Say it ain’t so, Kendry.
The power-hitting first baseman of the Los Angeles Angels of Anaheim is the latest victim of Celebration Syndrome. Kendry Morales’s walk-off grand slam on Saturday became a carry-off tragicomedy when his leap onto the plate into a bouncing clump of teammates resulted in a fractured lower left leg. He will probably miss the rest of the season, and most likely took the Angels’ hopes for the year with him.
He’s not the first athlete to suffer a major injury celebrating himself, though he’s probably the best and most important to his team. Kicker Bill Gramatica tore his ACL jumping and gesturing after nailing a game-winning field goal; quarterback Gus Frerotte put himself out of a game by head-butting the stadium wall after scoring a touchdown; goal scorers the world over know that the most dangerous part of a soccer game comes immediately after the ball hits the net, as your teammates converge on you in unrestrained joy.
Morales can be plainly seen on the video [HYPERLINK: http://mlb.mlb.com/video/play.jsp?content_id=8478677] approaching the plate, leaping, being slapped on the upper back by a teammate, landing awkwardly and going down to the ground. The celebration stops immediately, and his face (unseen) no doubt reflects the pain of the injury. Yes, a professional athlete should be able to jump in the air and land without incident, but an athlete wearing cleats might want to think twice before leaping when the landing will be on a hard rubberized surface.
“It’s going to change the way we celebrate,” manager Mike Scioscia told the post-game media. [HYPERLINK: http://www.ocregister.com/articles/angels-251123-microphone-injured.html] “I’ve always wondered if it’s an accident waiting to happen.”
The phenomenon of a team flooding the home-plate area after a game-ending home run is a fairly recent development. In days of yore, excessive celebration was viewed as showing up an opponent, with “dusting” of a batter among the likely repercussions. (dusting, v., to make a hitter throw himself to the dirt, kicking up a cloud of dust, to escape a fastball zooming towards his head.) The mob scene at home followed the truly extraordinary: a World Series-ending home run, say, or perhaps one that concludes a playoff series against a hated rival.
In Magic Johnson’s first game as a Laker, Kareem Abdul-Jabbar hit a game-winning shot at the buzzer. Magic gave Kareem a running hug, and the center told him, “Take it easy, rookie, it’s a long season.” Earl Weaver used to keep his team from getting too high or too low by reminding them, “We play one of these every day.”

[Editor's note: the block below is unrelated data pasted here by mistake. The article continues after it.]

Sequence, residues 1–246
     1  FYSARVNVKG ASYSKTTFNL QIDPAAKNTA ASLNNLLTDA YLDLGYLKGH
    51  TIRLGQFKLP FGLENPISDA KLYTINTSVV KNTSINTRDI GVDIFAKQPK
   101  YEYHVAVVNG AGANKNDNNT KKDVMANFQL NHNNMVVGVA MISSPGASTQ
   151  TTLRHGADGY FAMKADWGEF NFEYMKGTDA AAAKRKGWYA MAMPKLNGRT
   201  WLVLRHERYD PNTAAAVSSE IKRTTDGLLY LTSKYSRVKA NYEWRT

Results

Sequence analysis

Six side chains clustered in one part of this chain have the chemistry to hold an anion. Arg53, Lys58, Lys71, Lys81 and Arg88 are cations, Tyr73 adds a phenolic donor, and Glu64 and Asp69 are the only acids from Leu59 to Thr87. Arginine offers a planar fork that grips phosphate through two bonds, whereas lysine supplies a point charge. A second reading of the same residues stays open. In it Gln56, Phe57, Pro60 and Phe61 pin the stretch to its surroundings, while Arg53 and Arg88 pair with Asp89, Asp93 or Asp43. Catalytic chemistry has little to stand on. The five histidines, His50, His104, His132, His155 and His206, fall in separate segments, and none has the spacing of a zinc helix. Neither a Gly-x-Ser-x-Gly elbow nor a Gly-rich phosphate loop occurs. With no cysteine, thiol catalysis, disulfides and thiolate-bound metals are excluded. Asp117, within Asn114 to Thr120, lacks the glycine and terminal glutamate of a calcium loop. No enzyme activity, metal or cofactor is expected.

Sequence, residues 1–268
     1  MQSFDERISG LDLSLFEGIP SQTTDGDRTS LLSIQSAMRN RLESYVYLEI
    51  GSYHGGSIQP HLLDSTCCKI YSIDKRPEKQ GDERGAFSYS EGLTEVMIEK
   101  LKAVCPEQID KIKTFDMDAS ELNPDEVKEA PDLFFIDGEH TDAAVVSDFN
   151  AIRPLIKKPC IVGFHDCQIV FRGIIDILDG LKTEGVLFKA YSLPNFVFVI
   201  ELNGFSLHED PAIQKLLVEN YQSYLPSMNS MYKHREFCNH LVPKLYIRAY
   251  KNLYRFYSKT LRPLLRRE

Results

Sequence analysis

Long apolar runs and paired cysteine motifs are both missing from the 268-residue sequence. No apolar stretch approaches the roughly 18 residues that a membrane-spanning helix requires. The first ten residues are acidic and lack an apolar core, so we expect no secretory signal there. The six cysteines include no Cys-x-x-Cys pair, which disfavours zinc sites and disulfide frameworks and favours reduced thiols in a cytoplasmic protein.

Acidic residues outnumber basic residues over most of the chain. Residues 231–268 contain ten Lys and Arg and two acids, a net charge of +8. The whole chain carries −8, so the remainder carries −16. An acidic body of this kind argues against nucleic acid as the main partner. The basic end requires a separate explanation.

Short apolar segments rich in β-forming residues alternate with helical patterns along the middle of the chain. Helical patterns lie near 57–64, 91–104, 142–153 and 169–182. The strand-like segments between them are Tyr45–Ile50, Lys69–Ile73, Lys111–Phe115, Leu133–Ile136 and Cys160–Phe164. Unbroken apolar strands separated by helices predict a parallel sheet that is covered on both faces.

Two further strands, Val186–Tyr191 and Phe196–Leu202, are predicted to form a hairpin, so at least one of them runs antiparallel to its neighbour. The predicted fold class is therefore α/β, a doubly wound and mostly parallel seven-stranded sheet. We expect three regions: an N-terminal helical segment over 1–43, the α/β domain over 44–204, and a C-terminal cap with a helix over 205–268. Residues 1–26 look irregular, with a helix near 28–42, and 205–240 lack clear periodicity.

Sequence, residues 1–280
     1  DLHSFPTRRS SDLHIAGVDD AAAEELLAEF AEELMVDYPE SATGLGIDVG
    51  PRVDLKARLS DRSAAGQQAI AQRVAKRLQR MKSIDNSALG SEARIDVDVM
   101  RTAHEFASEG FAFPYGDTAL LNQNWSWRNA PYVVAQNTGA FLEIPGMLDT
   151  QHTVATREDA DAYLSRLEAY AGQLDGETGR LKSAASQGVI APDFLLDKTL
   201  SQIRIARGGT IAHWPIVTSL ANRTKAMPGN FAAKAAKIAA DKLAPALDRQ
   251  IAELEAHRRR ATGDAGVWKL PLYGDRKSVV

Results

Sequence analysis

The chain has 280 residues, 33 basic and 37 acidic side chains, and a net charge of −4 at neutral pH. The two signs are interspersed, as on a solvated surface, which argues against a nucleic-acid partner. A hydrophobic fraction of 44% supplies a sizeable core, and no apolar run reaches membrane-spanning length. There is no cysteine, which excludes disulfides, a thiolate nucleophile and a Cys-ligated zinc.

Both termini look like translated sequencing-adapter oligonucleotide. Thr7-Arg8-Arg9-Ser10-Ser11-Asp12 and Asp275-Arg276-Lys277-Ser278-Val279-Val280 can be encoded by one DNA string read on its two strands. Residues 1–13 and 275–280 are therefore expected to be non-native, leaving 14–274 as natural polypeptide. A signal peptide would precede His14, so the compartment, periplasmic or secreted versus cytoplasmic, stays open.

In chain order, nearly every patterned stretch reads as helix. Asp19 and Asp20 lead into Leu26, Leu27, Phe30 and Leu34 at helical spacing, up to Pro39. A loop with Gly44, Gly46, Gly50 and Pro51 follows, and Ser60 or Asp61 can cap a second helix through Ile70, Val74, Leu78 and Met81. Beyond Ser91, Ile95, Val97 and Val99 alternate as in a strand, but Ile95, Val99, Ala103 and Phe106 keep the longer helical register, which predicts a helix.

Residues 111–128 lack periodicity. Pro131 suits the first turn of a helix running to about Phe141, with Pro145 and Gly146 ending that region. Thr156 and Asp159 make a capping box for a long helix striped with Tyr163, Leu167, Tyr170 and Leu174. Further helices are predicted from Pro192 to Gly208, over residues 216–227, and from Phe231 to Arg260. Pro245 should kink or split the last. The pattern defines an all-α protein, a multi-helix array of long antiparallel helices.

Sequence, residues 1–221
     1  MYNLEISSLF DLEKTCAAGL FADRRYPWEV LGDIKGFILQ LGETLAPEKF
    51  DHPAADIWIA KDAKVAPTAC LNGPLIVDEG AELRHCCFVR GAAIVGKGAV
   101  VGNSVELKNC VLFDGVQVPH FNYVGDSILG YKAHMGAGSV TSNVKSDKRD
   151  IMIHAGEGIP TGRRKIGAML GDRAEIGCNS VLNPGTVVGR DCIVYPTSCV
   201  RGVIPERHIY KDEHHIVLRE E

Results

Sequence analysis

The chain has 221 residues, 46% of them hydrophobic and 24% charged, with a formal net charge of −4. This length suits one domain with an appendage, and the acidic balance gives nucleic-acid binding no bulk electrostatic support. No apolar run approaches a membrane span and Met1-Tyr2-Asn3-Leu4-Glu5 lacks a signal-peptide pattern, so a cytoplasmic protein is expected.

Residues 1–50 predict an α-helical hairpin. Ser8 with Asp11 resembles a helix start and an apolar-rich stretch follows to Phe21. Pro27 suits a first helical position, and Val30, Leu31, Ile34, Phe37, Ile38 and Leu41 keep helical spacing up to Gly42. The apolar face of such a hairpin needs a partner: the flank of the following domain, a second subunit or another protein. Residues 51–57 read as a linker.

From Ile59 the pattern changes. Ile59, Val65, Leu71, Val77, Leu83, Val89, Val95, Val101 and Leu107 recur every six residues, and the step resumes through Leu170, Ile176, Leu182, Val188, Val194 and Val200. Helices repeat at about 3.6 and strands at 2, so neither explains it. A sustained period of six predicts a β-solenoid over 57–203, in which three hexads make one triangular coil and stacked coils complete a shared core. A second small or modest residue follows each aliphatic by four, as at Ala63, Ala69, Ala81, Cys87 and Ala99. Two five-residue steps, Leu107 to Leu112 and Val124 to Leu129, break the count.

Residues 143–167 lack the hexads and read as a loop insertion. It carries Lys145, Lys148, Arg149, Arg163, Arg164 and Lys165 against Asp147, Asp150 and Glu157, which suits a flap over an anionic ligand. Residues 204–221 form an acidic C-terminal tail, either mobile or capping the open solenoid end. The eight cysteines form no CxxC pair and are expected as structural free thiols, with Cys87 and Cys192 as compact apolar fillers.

When Roger Maris broke Babe Ruth’s single season home-run record, he had to be persuaded to stick his head out of the dugout for a curtain call. When Ted Williams homered in the last at-bat of his career, he trotted to the bench without acknowledging the crowd. “He ran as he always ran out home runs,” wrote John Updike, “—hurriedly, unsmiling, head down, as if our praise were a storm of rain to get out of… (T)he other players, and even the umpires on the field, begged him to come out and acknowledge us in some way, but he never had and did not now. Gods do not answer letters.”
How cool is that?
I know we live in an age of trademark touchdown celebrations and sack dances and curtain calls and slow home run trots and staring in awe at the flight of a ball you’ve just hit – but wouldn’t it be nice to bring back cool? Forget about the issue of embarrassing an opponent; what could be better after making a big play than to show the world that you know you’re that good, and you expect this of yourself? When Kobe Bryant hits a big shot, he nods with satisfaction to himself; he seems to be saying, “Yes, this is why I put in all the work, this is why I practice, this is what I’ve prepared myself for.” (His airplane move after nailing a jumper over Grant Hill Saturday night was extra recognition of the dagger he’d just put into the Suns, scoring nine points in less than two minutes against a defense focused on stopping him.)
Just as minimalism in art came about in reaction to the excesses of abstract expressionism, perhaps it’s time for minimalism in self-congratulatory expression. Anyone can (and does) leap and prance and preen on scoring a touchdown; the most original move available today is to hand the official the ball and trot on down the sidelines. Instead of forming a mosh pit at the plate, line up for hand slaps and shakes like you did when you were in high school or Little League. “Act like you’ve been there before” can be the hallmark of the New Intimidation, daring your opponent to match your confidence and cool.
It’s worth a try. It’s got to be better than putting yourself at the top of the Stupidly Disabled List.